Date of Award
Thesis - Restricted
Master of Science (MS)
Electrical and Computer Engineering
Sabol, John M.
Johnson, Michael T.
Dual energy x-ray imaging is a technique that has been proven to enhance detectability of certain tissues by removing the undesired background clutter caused by contrasting tissues. This application takes advantage of the fact that different materials absorb different energy x-rays at rates proportional to their density and linear attenuation coefficient. Therefore, the make-up of the object of interest can be resolved by irradiating it with multiple x-ray spectrums and then digitizing the resultant detected values and applying mathematical algorithms. The possible combinations of energy spectrums, anatomic imaging tasks, and detector responses make parameter optimization difficult. While some optimization can be done experimentally, it becomes rapidly apparent that a mathematical model of dual-energy algorithms for use in the optimization of spectral input parameters for a given imaging task would be beneficial. This thesis describes the creation and validation of a spectral model for use in the simulation of a dual energy x-ray digital imaging system, with results that will be correlated to data obtained in a GE Healthcare Technologies Imaging Laboratory. The goal is to create a system, which will optimize the dual energy imaging technique with respect to dose, CNR, and energy separation. Furthermore, this paper describes the application of this model to the clinical task presented by Intravenous Urography, although the model will be applicable to other imaging applications.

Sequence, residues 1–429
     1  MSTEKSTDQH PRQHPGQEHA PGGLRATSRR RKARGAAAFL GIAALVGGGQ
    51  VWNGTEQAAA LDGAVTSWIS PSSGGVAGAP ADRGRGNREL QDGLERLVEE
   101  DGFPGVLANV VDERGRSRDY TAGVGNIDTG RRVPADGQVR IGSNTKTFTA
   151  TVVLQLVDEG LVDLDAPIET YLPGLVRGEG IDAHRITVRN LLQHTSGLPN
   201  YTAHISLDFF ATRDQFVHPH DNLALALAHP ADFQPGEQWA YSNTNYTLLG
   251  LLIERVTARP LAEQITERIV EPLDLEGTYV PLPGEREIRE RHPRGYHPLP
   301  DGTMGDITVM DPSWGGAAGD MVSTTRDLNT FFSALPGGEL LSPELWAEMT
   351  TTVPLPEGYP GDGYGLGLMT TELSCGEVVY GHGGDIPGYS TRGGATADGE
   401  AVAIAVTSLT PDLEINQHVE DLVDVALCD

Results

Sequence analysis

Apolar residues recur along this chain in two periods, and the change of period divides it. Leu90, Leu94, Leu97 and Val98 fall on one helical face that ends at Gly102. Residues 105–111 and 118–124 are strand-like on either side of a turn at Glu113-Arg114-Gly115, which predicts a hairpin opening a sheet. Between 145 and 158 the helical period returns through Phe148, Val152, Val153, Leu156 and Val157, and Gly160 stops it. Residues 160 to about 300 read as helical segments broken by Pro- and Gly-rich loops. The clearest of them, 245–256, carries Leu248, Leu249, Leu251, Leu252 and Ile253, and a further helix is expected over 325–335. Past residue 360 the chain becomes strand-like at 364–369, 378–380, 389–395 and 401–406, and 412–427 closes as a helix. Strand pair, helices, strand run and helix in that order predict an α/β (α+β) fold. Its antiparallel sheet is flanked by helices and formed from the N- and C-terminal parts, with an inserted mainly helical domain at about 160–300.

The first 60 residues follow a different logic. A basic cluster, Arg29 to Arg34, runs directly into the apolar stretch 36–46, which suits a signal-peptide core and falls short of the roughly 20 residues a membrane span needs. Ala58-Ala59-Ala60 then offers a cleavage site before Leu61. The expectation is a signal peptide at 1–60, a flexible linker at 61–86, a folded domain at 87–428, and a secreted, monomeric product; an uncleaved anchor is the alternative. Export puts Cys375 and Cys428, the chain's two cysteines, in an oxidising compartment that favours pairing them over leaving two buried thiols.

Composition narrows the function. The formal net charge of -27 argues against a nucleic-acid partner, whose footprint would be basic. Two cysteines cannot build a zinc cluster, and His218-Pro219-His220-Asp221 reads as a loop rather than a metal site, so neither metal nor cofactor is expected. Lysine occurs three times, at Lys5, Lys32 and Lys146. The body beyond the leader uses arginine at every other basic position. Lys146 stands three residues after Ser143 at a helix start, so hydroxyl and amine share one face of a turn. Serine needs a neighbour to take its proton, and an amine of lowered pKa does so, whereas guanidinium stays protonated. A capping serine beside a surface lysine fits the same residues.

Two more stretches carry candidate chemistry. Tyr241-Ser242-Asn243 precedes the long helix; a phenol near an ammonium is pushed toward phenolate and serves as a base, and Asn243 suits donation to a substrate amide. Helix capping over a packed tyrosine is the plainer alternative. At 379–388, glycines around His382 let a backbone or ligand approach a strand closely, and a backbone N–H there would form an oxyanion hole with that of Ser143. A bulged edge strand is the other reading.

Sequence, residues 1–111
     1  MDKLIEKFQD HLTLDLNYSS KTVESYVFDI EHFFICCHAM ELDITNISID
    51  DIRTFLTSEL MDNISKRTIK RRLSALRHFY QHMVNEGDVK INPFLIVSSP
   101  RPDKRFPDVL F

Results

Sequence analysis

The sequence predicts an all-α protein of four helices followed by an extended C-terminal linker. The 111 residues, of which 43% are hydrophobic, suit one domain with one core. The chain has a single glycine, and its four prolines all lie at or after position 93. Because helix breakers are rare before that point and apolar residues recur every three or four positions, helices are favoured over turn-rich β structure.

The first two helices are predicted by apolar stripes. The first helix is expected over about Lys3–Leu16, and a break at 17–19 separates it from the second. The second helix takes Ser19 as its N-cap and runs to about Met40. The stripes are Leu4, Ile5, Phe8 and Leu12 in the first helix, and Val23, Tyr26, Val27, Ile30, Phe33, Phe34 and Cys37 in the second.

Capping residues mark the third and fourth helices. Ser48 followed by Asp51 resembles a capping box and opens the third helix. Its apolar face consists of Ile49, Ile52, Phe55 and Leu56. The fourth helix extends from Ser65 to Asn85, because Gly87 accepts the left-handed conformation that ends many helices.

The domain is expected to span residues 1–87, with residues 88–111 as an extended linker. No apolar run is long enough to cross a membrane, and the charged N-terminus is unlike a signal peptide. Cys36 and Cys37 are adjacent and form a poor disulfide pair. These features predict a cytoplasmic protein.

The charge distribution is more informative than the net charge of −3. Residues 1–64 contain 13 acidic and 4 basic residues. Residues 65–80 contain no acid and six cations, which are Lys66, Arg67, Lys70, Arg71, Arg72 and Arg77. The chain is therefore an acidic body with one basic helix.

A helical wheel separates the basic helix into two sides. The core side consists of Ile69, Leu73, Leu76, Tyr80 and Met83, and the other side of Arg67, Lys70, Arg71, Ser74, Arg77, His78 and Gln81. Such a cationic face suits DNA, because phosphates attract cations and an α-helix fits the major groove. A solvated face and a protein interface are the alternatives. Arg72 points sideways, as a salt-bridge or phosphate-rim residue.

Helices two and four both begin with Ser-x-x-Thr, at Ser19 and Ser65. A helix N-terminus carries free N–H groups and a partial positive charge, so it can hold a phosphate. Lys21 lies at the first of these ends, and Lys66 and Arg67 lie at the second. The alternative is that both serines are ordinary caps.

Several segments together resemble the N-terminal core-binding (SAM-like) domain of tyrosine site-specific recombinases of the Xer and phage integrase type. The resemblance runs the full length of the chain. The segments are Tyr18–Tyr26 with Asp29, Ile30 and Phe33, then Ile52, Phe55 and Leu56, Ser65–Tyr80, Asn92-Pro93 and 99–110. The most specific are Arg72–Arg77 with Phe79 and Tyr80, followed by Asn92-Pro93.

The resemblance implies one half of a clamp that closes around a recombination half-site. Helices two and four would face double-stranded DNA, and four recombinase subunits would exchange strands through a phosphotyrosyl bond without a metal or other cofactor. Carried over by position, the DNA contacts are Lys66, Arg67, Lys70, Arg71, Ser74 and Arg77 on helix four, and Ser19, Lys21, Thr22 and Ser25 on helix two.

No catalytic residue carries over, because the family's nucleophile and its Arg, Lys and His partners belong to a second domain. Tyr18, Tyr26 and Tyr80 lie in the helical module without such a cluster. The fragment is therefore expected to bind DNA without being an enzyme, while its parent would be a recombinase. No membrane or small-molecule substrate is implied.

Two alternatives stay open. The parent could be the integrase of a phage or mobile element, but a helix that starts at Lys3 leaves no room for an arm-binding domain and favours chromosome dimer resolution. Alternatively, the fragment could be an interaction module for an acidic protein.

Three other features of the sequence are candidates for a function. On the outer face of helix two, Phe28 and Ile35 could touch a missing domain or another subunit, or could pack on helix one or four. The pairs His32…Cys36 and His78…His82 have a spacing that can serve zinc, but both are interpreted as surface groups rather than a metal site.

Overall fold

Wheeldon, Samuel J., "A Model for Technique Optimization of Dual Energy X-Ray Digital Imaging with Application to Intravenous Urography" (2005). Master's Theses (1922-2009) Access restricted to Marquette Campus. 4316.